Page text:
One new concept in Chrome is the idea of an incognito session, where the history and cookies are not preserved. This could be useful if, for example, you’re at a friend’s house or an Internet café, or if you don’t want your spouse to see that you’ve been shopping for a surprise birthday present. Or other things.
To start a new incognito session in Chrome, just press Ctrl+Shift+N. A new window appears, with slightly different coloring and a “secretive browser person” icon at the top.
(To close the incognito session, just press Alt+F4 as you normally would to close a program. All tabs in your new window close at once.)
Google Chrome was released in beta today (Tuesday, September 2). This is Google’s browser, currently only for Windows, and its arrival rekindles the browser wars into a three-way race between Mozilla’s Firefox, Microsoft’s Internet Explorer, and now Google’s Chrome.
Chrome offers much faster loading speed and more stability as its main differentiators, but also a new feature called an “incognito session” (which we’ll cover later today), plus the ability to quickly use web sites (such as Gmail) as applications on your desktop and Start menu.
The majority of the Firefox keyboard shortcuts we’ve covered here previously do work in Chrome. There are a few exceptions, which I’ve outlined below.
Here’s what works:
- For tab navigation, you’ll use Ctrl+T to create a new tab, Ctrl+1 or Ctrl+2 (etc.) to switch tabs (or Ctrl+Page Up/Ctrl+Page Down), Ctrl+W to close a tab, and Ctrl+Shift+T to re-open a tab you just closed. Ctrl+L still jumps you up to the location bar (called an “omnibox” in Google Chrome parlance).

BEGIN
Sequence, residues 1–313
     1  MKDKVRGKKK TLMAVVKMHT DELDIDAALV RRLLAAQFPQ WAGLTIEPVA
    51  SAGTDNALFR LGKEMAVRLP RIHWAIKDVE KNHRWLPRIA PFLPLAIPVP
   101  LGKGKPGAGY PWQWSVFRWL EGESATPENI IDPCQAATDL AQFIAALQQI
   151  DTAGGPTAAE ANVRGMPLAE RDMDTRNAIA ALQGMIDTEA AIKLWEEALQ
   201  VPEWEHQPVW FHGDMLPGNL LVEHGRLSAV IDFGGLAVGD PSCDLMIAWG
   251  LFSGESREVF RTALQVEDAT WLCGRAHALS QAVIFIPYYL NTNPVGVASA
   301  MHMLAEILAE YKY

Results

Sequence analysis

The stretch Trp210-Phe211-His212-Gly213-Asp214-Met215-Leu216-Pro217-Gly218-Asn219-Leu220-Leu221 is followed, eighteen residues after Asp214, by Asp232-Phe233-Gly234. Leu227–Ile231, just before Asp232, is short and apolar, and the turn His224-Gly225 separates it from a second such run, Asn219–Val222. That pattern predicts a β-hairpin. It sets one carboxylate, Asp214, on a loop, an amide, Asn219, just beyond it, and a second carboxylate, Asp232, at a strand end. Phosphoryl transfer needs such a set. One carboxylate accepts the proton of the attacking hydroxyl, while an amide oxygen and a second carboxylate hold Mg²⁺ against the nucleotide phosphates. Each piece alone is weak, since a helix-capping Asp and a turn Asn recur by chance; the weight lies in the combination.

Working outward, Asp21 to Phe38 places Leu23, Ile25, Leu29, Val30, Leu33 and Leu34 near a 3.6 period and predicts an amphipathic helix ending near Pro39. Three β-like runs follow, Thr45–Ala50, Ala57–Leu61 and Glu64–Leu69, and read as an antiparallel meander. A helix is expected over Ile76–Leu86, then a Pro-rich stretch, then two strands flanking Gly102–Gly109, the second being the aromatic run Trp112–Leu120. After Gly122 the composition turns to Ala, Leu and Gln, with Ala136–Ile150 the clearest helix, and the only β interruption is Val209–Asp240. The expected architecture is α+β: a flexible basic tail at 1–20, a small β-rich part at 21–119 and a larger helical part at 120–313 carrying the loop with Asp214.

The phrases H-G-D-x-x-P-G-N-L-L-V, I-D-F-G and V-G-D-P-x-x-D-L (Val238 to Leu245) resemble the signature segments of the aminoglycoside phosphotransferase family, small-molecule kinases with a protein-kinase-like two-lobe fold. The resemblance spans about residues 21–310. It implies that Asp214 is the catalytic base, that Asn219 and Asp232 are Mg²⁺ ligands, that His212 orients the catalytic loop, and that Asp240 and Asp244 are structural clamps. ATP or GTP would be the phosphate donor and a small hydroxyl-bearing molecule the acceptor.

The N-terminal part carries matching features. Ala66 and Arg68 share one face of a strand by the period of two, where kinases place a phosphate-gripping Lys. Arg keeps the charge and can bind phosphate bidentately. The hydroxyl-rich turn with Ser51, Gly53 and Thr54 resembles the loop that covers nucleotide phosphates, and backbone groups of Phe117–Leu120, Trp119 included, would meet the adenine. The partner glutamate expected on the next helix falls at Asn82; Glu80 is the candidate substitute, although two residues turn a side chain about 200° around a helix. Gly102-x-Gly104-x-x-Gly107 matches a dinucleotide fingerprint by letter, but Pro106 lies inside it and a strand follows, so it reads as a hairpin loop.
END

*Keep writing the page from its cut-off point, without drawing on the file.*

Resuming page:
- Ctrl+R or F5 reloads the page. (And Ctrl+R or Ctrl+F5 forces a reload.)
- For navigation, Alt+Home goes to the home page and you can use Alt+Left Arrow and Alt+Right Arrow (or Backspace and Shift+Backspace) to go back or forward a page in your history.
- Ctrl+B toggles on/off the bookmark bar.
- Ctrl+D still sets a bookmark.
- Ctrl+J opens a download tab.
- Ctrl+H opens a history tab.
- Ctrl+U views source.
- You set font size the same way: Ctrl+= (aka Ctrl++) still makes the font bigger, Ctrl+- (dash) makes the font smaller, and Ctrl+0 resets it back to normal.
- Ctrl+K or Ctrl+E to search does still work too, but not quite in the same method as Firefox: It simply moves you up to the omnibox with a question mark pretyped, which will then allow you to type in your search term and press Enter to get a search result. (You cannot choose a specific search engine with Alt+Down Arrow as you can with Firefox.)
- Alt+Enter after typing a URL in the omnibar still opens a new tab with that content.
All in all, I’m pretty pleased with the keyboard control of Chrome, but there’s a lot of room for improvement in this beta:
- There’s no apparent way to open the “Control the current page” and “Customize and control Google Chrome” dropdown menu icons in the upper right, except by clicking.